Tsunamis

Tsunami that struck Malé , in the Maldives , on December 26, 2004.

They are a type of waves whose origin is earthquakes, tidal waves or the eruption of underwater volcanoes. They displace large amounts of water very quickly, modifying the surface of the sea and creating waves that move away from the area of ​​the earthquake or the volcano. They get to travel at 750 km / h. In the open sea they cause little damage, since they are low (less than 1 meter). In shallow water it slows down but increases its height to 10 meters or more and often causes catastrophic damage upon reaching shore.

Tides

The tides are caused by the gravitational attraction of the moon and the sun . The attraction is greatest on the face of the Earth that faces the Moon, causing a high tide or high tide. The Sun, being at a greater distance, produces a less effect than the Moon. These can become causes of flooding in coastal populations.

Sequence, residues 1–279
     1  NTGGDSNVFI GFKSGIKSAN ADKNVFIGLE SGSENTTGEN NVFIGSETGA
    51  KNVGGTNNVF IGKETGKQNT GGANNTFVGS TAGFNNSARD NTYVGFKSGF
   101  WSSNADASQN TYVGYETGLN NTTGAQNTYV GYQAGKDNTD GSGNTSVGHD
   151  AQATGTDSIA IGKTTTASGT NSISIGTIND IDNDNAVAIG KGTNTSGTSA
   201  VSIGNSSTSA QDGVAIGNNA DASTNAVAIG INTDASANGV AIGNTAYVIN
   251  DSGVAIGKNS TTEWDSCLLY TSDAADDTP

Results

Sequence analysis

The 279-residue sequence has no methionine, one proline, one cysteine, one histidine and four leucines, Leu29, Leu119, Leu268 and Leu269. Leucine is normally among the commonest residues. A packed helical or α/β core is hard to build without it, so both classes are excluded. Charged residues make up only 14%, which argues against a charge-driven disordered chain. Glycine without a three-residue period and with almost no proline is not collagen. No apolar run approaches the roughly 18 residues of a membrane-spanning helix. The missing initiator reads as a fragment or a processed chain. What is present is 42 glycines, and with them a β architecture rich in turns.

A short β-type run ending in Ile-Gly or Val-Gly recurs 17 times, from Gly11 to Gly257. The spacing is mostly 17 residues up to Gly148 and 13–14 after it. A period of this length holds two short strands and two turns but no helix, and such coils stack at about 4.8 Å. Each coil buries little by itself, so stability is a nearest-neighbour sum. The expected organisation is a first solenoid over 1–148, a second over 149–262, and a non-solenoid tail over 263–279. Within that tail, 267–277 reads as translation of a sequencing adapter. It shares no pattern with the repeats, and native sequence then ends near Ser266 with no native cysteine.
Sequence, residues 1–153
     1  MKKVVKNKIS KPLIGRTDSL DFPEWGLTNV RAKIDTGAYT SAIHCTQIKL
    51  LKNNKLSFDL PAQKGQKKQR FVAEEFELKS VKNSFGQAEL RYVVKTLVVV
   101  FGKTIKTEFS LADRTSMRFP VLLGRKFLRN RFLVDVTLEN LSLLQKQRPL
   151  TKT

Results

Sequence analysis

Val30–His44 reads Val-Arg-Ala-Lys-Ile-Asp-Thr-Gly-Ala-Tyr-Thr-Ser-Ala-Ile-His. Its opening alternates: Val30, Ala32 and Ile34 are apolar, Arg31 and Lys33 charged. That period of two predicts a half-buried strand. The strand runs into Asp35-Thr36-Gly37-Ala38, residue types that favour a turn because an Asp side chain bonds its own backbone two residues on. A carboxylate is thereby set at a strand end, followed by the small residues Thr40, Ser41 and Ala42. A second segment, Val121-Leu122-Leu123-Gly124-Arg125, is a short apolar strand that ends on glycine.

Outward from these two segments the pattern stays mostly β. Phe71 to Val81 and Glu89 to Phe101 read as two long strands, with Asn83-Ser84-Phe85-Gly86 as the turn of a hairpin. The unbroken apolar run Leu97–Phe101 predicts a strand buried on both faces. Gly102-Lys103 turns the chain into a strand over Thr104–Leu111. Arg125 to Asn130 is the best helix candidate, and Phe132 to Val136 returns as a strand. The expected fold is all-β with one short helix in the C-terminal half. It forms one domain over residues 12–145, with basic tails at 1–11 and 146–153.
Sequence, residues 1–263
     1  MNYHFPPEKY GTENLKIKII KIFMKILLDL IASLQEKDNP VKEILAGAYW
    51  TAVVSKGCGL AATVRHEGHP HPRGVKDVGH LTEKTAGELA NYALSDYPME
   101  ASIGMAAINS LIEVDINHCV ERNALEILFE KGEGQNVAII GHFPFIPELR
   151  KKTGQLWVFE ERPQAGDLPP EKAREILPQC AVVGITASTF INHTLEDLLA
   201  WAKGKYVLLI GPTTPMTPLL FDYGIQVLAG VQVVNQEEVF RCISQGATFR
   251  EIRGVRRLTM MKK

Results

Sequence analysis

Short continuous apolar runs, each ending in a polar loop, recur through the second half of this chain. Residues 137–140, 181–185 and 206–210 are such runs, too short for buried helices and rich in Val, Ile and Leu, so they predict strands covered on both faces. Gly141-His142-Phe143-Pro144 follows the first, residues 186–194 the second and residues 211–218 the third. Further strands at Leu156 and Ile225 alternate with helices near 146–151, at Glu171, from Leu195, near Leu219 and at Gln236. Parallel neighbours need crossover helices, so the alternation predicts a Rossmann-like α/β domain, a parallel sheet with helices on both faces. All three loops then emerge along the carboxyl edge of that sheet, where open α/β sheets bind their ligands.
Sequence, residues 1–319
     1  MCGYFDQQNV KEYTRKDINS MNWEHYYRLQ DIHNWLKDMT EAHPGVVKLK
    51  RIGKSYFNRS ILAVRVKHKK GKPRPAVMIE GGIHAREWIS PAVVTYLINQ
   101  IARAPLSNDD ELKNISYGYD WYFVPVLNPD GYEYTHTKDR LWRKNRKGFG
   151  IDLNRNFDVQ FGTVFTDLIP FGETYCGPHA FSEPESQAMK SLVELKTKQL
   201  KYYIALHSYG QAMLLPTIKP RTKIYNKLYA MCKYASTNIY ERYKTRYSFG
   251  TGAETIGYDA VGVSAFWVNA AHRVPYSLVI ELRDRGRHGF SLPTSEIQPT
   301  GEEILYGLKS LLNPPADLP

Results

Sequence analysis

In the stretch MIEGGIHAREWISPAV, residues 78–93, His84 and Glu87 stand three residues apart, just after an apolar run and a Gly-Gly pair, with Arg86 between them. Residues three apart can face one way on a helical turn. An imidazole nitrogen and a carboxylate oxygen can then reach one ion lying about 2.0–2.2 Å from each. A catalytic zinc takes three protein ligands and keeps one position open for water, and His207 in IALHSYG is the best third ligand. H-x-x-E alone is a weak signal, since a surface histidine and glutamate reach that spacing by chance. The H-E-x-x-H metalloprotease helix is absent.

Spring tides

Spring tides are called the moments in which the maximum attraction occurs, and are formed when the Moon, the Sun and the Earth are on the same line, that is, during the Full Moon or New Moon phases, for what occurs every 14 days, that is, twice a month.

Neap tides

They are less intense tides that occur when the Moon and the Sun form a right angle with the Earth, because the attractions of both, being in opposite directions, subtract from each other instead of adding. Of course, despite its smaller size, the attraction of the Moon is greater because it is closer. These tides occur in the First Quarter and Last Quarter phases.

Tidal range

It is the difference between high and low tide levels, which varies by location, from less than 1 meter in the Mediterranean Sea and the Gulf of Mexico , to 14.5 meters in the Bay of Fundy , on the eastern coast of Canada .

Sea currents

Perpetual Ocean
Visualization of the marine currents between 2005 and 2007, carried out by NASA .

The marine currents near the surface of the oceans are driven by the winds, which carry them with them. They move at a slower speed than the wind and do not have the same direction as them, since they twist to one side due to the Earth's rotation or Coriolis force . They change direction to the right of their trajectory in the boreal hemisphere and to the left in the southern hemisphere

The currents have an important influence on the climate, for example, the Gulf Stream or Gulf Stream current, which originates in the Caribbean , provides the northwest of Europe with milder winters.